'Everybody was so happy and grateful': Saskatoon nurse shares her experience of delivering vaccines

·1 min read
A dose of the AstraZeneca-Oxford COVID-19 vaccine is prepared at a clinic in St. John's on March 19. (Patrick Butler/CBC - image credit)
A dose of the AstraZeneca-Oxford COVID-19 vaccine is prepared at a clinic in St. John's on March 19. (Patrick Butler/CBC - image credit)

As the COVID-19 vaccine rollout continues in Saskatchewan, some people are sharing their vaccine joy on social media.

Pictures of parents getting the vaccine and nurses excited to be giving it are showing up in people's feeds.

Gail Kizlyk, a nurse in Saskatoon, said she is over the moon to be able to provide the vaccine to others.

"Going and giving the vaccines to people just felt amazing," she said.

"I came [home] at the end of the day and just felt energized to be able to be contributing to giving the vaccine."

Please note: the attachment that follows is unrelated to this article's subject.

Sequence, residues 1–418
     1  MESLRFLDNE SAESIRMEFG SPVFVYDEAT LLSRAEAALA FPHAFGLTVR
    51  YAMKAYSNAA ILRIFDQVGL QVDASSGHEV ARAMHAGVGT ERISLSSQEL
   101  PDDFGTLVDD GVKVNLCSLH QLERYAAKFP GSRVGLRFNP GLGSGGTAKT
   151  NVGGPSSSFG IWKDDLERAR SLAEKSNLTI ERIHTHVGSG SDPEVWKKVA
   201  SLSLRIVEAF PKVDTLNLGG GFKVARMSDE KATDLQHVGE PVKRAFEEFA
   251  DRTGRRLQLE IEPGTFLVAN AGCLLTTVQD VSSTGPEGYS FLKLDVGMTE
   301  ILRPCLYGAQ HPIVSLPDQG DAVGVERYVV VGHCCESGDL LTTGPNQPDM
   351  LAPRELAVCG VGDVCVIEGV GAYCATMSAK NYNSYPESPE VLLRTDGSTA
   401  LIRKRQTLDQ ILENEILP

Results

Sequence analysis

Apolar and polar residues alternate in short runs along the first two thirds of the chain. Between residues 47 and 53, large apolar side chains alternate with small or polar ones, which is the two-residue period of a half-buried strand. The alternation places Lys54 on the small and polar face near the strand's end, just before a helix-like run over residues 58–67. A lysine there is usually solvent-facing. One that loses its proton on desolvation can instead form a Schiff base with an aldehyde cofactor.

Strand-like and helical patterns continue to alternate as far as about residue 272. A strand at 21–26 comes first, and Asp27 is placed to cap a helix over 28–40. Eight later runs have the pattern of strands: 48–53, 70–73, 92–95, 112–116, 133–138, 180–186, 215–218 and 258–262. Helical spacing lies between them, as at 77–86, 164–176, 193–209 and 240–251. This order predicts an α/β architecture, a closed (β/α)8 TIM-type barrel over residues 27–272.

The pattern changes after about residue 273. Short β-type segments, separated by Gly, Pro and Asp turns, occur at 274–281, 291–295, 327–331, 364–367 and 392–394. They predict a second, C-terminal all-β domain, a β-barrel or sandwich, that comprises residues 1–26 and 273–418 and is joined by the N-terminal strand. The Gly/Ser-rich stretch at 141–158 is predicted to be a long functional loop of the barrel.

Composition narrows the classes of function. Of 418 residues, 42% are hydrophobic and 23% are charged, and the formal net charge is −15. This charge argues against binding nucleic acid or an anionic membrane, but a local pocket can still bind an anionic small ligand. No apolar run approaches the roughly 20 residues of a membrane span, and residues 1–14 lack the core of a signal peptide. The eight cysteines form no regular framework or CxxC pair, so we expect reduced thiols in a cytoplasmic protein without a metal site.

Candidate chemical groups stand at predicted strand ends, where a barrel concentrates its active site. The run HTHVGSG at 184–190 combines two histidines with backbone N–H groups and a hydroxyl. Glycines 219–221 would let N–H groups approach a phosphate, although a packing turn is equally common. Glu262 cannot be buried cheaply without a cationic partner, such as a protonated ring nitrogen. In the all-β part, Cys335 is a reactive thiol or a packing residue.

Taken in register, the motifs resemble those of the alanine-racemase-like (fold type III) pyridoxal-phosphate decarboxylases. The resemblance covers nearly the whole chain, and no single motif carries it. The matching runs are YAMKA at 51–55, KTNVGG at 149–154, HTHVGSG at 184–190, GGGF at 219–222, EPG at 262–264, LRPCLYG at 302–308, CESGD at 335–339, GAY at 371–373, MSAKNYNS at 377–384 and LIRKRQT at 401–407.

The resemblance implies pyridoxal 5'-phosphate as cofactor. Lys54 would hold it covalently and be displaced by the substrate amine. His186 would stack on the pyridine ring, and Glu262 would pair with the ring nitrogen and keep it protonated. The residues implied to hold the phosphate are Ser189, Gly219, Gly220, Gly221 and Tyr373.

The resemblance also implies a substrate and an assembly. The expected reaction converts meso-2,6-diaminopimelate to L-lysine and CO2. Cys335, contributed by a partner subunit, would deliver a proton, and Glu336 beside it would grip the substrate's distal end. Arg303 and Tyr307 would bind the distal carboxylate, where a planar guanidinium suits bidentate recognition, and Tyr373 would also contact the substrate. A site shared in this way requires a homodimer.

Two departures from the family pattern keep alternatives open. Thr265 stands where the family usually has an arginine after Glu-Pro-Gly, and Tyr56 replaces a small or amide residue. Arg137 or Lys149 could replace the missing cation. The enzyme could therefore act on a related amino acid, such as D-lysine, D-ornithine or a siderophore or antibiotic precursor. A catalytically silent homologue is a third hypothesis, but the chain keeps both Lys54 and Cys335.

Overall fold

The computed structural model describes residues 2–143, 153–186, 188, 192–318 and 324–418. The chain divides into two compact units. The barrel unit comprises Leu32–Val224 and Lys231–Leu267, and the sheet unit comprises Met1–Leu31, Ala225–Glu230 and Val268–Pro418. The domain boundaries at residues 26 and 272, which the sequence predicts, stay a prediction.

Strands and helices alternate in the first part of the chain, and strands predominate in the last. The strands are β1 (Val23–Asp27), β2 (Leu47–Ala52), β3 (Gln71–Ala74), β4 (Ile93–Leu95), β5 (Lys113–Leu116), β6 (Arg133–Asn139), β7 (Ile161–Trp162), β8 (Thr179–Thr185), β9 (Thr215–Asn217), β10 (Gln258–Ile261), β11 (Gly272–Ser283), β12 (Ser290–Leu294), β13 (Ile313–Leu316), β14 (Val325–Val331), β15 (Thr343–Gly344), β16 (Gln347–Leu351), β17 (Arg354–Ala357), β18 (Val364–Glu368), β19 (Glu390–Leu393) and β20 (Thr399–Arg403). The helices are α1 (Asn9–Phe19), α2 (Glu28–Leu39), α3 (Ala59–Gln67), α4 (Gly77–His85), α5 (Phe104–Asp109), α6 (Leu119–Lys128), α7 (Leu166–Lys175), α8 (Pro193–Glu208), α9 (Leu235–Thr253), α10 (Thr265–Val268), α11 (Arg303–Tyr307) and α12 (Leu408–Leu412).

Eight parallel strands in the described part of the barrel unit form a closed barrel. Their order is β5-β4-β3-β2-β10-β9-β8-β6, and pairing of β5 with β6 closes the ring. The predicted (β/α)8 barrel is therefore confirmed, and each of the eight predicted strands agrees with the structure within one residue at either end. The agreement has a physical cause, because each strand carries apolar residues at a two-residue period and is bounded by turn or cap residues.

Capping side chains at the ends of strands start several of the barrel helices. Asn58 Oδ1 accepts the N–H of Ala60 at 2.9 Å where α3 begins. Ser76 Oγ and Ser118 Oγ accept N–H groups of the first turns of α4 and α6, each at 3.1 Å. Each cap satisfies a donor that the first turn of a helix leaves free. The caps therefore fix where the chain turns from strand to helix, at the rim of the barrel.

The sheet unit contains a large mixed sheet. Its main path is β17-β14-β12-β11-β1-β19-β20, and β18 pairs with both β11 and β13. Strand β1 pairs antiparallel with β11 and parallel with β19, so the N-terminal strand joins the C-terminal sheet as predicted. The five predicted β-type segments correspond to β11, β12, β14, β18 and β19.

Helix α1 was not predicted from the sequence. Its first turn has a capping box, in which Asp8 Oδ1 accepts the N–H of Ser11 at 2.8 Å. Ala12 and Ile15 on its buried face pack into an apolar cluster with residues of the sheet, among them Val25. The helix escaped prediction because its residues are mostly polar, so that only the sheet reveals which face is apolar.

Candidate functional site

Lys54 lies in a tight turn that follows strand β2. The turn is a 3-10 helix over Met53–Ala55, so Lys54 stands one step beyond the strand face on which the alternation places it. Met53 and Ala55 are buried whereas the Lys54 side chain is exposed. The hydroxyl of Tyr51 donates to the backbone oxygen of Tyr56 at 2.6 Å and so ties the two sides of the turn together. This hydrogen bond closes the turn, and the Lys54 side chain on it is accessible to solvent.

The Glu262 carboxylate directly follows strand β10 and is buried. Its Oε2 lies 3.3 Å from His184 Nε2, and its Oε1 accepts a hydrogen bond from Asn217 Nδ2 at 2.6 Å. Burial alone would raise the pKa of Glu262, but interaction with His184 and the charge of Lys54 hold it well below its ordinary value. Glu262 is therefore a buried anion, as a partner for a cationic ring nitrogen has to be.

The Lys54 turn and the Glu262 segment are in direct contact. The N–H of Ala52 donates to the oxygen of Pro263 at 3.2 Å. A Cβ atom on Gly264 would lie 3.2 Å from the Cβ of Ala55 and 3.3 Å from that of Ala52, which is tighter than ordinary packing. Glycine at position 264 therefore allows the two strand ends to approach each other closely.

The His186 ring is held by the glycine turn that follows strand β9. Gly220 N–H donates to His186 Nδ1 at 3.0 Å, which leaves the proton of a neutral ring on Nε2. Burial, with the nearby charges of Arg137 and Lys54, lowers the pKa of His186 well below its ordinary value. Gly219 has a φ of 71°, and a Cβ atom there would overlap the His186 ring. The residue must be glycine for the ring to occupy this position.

Kizlyk is usually a neonatal intensive care unit nurse, but had time to be trained in vaccine delivery. She said she joked to her patients that her usual patients — babies — cry a lot more when they get their needles.

People getting their vaccine "were happy to see people and talk to people. It's been hard on them having to isolate, as it's been on all of us ... everybody was so happy and grateful."

But it's not all sunshine and rainbows for everyone. In a recent CBC article, experts debated the value of vaccine selfies. Some said it was an insensitive reminder to those in the medical community — particularly in rural areas — that they had not yet received the shot, while some saw it as normalizing the experience.

For Kizlyk, the selfies and social media posts are just part of the awareness campaign.

"[It's] similar to elections. You get out there and you get on social media," she said.

"The root behind vaccination is we need herd immunity ... The intention is not to make people feel bad at all, it's to encourage others. 'Hey, I got the vaccine, you should too.'"